Tuesday, July 12, 2016

What about the rest of the LCROSS results?

 A lot of people were excited when LCROSS returned direct evidence of water and water ice on the Moon six years ago, providing strong support for the theory of cold trap volatiles. I've seen numerous posts discussing ISRU and using that result (plus other data) as evidence of the presence of water.
 What I haven't seen is any mention of the other chemicals that were detected: carbon monoxide, mercury (!) and elemental hydrogen. Water was estimated to make up 5.6% of the crater soil with 155kg detected, meaning mercury made up another 3.5 to 4% with about 100kg detected (at larger uncertainty). Carbon monoxide represented hundreds of kilograms, meaning perhaps 4 to 8%.

{{note: Hop pointed out in comments that this paper was corrected. The reported values were overestimated by a factor of 5.5 or so, meaning these volatiles are actually perhaps 0.5-1% by mass each.}}

 Think about that for a minute... Carbon monoxide is probably more abundant in the cold traps than water, at least in the traps cold enough to freeze CO. Everything I've read suggests that the Moon is almost carbon-free and there is no hope of producing hydrocarbon propellants like methane there. At the same time, millions of tons of water are proposed to exist and to be usable for producing hydrolox propellant.

 I'm sensing a disconnect here.

 The evidence shows that both compounds are present in staggering abundance. I see no reason why we can't make methane using these resources, which in turn means there is no need for a deep cryogenic hydrogen-based lunar infrastructure. The same methane engines that will be used between here and Mars will be used on and around the Moon.

 Propellant from ISRU mining operations at the lunar poles will fuel all of the proposed chemical systems. For that matter, very simple monoxide-oxygen rocket systems work just fine (albeit at low Isp) and could be used in early exploration if methane or H2 production is not yet online. Even later on, if fuel production is constrained by available power then monoxide rockets could be used to deliver higher-value fuel to an EML2 depot.

 In addition, mercury has some very useful properties. It's a liquid at standard conditions, easy to ionize, stable, dense and with a high atomic mass. These are traits suitable for electric engine propellant. It's toxic, sure, but not as bad as hydrazine. It may not be as efficient a propellant as xenon or lithium but it's plentiful and would be accumulated anyway as a byproduct of water purification. May as well put it to use. (Here's an example engine from a family in the 2500-3600s Isp range.) There are engineering difficulties: it tends to foul the spacecraft and it's hard to feed precisely, but we built hardware in the 70's that withstood over ten thousand hours of operation. These are solvable problems.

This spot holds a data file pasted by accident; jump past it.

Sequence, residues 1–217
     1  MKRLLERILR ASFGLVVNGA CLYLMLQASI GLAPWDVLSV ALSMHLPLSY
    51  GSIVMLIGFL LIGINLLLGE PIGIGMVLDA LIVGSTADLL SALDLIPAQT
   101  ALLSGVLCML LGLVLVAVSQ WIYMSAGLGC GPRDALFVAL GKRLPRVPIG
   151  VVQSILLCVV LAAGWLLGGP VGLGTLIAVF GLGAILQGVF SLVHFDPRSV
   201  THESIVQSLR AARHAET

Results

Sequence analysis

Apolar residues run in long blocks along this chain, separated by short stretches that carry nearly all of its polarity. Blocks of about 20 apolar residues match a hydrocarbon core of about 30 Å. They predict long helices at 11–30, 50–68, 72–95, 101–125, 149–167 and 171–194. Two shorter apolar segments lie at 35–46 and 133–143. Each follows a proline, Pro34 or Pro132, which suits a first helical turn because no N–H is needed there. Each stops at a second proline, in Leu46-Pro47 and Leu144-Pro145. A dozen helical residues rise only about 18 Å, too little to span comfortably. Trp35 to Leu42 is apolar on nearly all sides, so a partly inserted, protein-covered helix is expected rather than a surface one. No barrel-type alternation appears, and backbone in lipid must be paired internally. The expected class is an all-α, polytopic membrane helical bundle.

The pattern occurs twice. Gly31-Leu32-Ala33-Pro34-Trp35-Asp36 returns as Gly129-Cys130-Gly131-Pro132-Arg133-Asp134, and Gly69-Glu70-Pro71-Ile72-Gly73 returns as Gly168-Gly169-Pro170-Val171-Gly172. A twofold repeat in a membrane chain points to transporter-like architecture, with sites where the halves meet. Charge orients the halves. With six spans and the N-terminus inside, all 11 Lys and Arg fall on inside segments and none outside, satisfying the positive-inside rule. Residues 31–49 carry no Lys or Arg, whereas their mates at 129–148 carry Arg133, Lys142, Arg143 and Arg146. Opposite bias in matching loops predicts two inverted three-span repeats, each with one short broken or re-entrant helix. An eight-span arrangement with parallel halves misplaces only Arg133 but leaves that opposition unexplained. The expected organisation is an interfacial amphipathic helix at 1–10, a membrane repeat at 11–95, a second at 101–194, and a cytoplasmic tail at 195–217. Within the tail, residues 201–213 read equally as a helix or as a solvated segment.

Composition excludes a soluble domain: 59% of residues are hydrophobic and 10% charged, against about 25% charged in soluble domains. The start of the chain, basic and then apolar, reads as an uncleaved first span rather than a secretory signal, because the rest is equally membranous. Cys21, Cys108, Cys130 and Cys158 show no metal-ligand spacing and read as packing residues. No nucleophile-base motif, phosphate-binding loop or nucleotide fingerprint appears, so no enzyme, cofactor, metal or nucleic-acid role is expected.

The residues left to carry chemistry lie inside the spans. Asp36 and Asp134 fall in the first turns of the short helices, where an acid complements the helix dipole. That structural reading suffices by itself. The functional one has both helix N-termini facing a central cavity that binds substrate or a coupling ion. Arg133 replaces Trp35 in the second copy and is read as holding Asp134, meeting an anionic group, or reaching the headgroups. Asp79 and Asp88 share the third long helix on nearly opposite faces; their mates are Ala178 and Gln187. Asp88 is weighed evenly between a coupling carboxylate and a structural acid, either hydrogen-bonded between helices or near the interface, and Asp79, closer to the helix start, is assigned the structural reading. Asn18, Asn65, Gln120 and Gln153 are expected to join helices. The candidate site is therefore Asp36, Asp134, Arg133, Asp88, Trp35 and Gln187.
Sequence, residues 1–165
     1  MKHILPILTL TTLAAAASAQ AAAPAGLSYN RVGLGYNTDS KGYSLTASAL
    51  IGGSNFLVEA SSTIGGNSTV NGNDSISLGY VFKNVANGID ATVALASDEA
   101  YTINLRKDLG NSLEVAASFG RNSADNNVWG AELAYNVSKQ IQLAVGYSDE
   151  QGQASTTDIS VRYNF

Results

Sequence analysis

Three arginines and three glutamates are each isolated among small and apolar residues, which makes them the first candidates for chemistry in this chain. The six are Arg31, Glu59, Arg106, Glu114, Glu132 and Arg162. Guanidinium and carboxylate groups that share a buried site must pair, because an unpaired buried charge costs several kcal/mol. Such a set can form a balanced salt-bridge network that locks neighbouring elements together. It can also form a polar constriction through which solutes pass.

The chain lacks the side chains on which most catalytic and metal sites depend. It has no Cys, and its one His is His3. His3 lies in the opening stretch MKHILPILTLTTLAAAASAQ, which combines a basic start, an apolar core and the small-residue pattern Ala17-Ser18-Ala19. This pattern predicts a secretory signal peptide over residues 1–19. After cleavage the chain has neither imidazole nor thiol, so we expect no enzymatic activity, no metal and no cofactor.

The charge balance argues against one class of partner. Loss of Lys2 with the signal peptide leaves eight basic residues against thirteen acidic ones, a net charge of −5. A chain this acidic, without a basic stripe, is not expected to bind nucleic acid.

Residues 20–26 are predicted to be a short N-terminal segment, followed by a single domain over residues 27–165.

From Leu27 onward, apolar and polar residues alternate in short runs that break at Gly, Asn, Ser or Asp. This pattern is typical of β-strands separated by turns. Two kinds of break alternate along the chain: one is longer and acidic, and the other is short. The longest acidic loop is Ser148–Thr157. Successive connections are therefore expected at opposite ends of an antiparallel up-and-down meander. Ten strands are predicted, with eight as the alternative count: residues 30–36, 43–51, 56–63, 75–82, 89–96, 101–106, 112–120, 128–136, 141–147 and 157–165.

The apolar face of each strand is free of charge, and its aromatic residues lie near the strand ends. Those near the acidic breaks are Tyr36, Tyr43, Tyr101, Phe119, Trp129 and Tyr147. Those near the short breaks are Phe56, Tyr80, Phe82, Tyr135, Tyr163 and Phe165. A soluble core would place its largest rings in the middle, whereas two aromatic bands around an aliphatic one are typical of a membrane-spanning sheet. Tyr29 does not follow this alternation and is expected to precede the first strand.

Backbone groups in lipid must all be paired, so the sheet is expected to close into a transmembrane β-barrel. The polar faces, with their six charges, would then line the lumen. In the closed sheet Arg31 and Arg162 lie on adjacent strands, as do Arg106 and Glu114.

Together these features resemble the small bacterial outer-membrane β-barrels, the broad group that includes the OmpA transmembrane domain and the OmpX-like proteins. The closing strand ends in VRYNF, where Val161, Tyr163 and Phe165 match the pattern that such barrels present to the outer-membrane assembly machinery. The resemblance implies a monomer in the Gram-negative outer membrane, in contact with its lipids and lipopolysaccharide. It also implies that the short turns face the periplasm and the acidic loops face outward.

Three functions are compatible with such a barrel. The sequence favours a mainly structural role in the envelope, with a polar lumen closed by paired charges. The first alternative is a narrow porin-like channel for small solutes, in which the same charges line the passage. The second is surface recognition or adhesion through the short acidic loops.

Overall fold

Other uses include as radiation shielding, for extracting native metals (via amalgamation followed by electrorefining), in fluorescent or mercury discharge lamps (including germicidal lamps) and as an electrode used in several chemical processes such as the chloralkali process for splitting sodium chloride.


  1. Volatiles in the LCROSS plume were reported in the October 2010 issue of Science. The LCROSS team also reported a lot of other exciting volatiles. Besides the carbon monoxide you mention there was 7.7% nitrogen!

    Sadly the LCROSS team published a correction in the September, 2011 issue of Science. Abundance of volatiles was overestimated by a factor of 5.5. That news was a kick to my stomach. I don't want to share it but feel compelled to.

    And you probably know, LRO's LEND data doesn't support Spudis' hopes for thick sheets of ice in the cold traps.

    I haven't completely given up hope for rich lunar volatile deposits but I'm not as excited and optimistic as I once was. Until prospector rovers check out the permanently shadowed crater floors, it's unwise to count our chickens before they're hatched.

    1. Ah. That is indeed disappointing, but thanks for setting me straight. Still, even fractions of a percent are better than a few PPM.
      Let's hope we get some samples to analyze.